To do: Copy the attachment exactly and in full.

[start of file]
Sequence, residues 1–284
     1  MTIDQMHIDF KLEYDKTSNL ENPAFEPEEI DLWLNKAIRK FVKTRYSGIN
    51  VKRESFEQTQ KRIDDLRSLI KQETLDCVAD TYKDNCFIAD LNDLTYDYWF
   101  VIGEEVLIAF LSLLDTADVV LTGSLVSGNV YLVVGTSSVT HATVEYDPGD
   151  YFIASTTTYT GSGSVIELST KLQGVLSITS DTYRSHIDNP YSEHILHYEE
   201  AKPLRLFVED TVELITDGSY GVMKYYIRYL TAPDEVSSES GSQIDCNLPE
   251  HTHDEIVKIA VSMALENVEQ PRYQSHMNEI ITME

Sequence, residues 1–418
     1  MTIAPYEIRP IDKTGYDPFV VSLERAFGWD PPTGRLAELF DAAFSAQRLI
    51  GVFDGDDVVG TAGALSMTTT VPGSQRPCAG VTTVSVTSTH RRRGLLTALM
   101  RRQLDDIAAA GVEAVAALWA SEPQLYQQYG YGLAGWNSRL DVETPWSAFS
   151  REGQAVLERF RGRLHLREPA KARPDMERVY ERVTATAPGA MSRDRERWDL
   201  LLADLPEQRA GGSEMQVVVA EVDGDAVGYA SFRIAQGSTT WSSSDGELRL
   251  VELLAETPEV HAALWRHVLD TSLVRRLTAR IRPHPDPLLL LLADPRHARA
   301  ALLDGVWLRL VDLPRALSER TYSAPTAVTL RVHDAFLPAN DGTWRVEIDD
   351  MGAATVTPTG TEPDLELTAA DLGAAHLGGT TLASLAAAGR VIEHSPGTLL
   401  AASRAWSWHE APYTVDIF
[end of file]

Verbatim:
Sequence, residues 1–284
     1  MTIDQMHIDF KLEYDKTSNL ENPAFEPEEI DLWLNKAIRK FVKTRYSGIN
    51  VKRESFEQTQ KRIDDLRSLI KQETLDCVAD TYKDNCFIAD LNDLTYDYWF
   101  VIGEEVLIAF LSLLDTADVV LTGSLVSGNV YLVVGTSSVT HATVEYDPGD
   151  YFIASTTTYT GSGSVIELST KLQGVLSITS DTYRSHIDNP YSEHILHYEE
   201  AKPLRLFVED TVELITDGSY GVMKYYIRYL TAPDEVSSES GSQIDCNLPE
   251  HTHDEIVKIA VSMALENVEQ PRYQSHMNEI ITME

Sequence, residues 1–418
     1  MTIAPYEIRP IDKTGYDPFV VSLERAFGWD PPTGRLAELF DAAFSAQRLI
    51  GVFDGDDVVG TAGALSMTTT VPGSQRPCAG VTTVSVTSTH RRRGLLTALM
   101  RRQLDDIAAA GVEAVAALWA SEPQLYQQYG YGLAGWNSRL DVETPWSAFS
   151  REGQAVLERF RGRLHLREPA KARPDMERVY ERVTATAPGA MSRDRERWDL
   201  LLADLPEQRA GGSEMQVVVA EVDGDAVGYA SFRIAQGSTT WSSSDGELRL
   251  VELLAETPEV HAALWRHVLD TSLVRRLTAR IRPHPDPLLL LLADPRHARA
   301  ALLDGVWLRL VDLPRALSER TYSAPTAVTL RVHDAFLPAN DGTWRVEIDD
   351  MGAATVTPTG TEPDLELTAA DLGAAHLGGT TLASLAAAGR VIEHSPGTLL
   401  AASRAWSWHE APYTVDIF